William L. Isley, MD; Julie C. Oki, PharmD
Isley W., Oki J.; Rosiglitazone and Liver Failure. Ann Intern Med. 2000;133:393. doi: 10.7326/0003-4819-133-5-200009050-00022
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Published: Ann Intern Med. 2000;133(5):393.
TO THE EDITOR:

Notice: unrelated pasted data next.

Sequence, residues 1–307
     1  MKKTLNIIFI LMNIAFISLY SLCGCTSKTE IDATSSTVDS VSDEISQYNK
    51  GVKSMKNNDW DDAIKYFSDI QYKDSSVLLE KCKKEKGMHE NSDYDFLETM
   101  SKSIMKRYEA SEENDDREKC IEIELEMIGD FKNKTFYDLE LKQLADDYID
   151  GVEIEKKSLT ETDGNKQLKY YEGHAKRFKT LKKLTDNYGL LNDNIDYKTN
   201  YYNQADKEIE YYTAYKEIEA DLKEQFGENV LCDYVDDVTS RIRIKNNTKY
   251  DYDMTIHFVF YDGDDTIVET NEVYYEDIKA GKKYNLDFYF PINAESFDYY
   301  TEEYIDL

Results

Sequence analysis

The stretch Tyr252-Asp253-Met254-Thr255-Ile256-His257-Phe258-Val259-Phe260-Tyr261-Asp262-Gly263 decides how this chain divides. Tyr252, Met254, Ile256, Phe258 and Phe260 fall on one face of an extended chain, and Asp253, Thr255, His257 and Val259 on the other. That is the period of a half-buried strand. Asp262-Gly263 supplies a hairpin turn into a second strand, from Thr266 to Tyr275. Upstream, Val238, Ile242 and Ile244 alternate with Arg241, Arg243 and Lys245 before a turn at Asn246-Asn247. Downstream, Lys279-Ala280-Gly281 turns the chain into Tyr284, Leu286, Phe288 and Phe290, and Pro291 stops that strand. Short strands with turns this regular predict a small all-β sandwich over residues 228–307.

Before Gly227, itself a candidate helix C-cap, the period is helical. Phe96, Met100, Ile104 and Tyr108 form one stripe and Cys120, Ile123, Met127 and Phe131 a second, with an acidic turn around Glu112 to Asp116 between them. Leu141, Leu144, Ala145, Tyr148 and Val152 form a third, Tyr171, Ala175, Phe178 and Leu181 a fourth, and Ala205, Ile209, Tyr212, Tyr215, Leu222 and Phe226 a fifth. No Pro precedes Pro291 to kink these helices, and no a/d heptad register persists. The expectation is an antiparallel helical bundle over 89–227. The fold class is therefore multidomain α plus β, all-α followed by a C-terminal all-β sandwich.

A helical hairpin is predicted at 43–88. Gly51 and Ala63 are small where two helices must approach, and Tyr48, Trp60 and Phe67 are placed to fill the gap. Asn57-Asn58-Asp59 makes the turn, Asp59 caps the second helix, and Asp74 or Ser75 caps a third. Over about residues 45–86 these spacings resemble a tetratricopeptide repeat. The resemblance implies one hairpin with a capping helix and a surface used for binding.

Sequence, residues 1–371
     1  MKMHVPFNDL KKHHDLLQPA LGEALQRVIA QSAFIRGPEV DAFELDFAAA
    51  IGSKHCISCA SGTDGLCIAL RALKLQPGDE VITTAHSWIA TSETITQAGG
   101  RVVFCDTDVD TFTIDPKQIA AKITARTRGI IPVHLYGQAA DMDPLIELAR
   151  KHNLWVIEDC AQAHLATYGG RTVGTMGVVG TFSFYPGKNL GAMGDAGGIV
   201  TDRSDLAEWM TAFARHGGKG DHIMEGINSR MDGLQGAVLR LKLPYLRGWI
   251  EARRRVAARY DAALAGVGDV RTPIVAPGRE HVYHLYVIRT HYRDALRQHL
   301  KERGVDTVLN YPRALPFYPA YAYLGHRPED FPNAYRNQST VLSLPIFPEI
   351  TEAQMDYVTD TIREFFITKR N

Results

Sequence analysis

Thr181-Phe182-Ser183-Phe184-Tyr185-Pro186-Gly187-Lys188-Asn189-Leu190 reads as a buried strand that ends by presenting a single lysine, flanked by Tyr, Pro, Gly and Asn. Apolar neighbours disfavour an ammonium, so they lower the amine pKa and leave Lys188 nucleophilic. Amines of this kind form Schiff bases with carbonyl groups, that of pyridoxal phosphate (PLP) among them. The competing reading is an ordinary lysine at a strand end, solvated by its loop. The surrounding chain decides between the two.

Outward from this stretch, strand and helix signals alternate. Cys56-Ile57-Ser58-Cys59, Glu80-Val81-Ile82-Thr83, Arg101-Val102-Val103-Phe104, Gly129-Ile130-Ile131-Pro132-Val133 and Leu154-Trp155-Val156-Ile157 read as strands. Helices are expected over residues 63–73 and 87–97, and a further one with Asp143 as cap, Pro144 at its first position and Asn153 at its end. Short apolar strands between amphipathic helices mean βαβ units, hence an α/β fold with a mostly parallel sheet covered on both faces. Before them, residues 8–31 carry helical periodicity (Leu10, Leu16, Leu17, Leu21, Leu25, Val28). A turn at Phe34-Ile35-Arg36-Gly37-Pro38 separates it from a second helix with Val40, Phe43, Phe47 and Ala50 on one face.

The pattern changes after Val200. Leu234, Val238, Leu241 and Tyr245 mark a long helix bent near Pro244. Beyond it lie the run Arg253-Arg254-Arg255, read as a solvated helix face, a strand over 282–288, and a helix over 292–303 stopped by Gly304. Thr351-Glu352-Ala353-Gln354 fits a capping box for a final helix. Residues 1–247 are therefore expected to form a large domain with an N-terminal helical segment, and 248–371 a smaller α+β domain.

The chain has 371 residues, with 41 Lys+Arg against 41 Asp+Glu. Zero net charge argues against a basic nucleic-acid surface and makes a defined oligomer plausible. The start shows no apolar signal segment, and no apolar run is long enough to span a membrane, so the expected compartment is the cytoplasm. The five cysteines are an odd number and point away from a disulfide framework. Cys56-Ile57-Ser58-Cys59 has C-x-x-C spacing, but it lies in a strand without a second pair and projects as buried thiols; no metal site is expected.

We read with interest the recent reports of hepatic dysfunction associated with the use of rosiglitazone (1, 2). According to the classification scheme of Naranjo and colleagues (3), both reports would at most suggest a possible association with the administration of rosiglitazone because of other confounding factors. The liver abnormalities in the case presented by Forman and colleagues (1) may be related to hypotension, as hypothesized by Freid and coworkers in an accompanying letter (4). The case presented by Al-Salman and associates (2) is clouded by a history of alcohol abuse, acetaminophen use, and concomitant administration of zafirlukast. Zafirlukast has been associated with hepatotoxicity and inhibits one of the metabolic pathways for the clearance of rosiglitazone, the cytochrome P4502C9 pathway. Contrary to what Al-Salman and colleagues suggest, rosiglitazone-associated injury may not be similar to the liver injury proposed by Neuschwander-Tetri and colleagues (5) because rosiglitazone metabolism does not produce a quinone, nor does it have a vitamin E moiety as a side chain. If this idiosyncratic hepatotoxicity is a class effect, it is more likely to be related to the basic thiazolidinedione structure.
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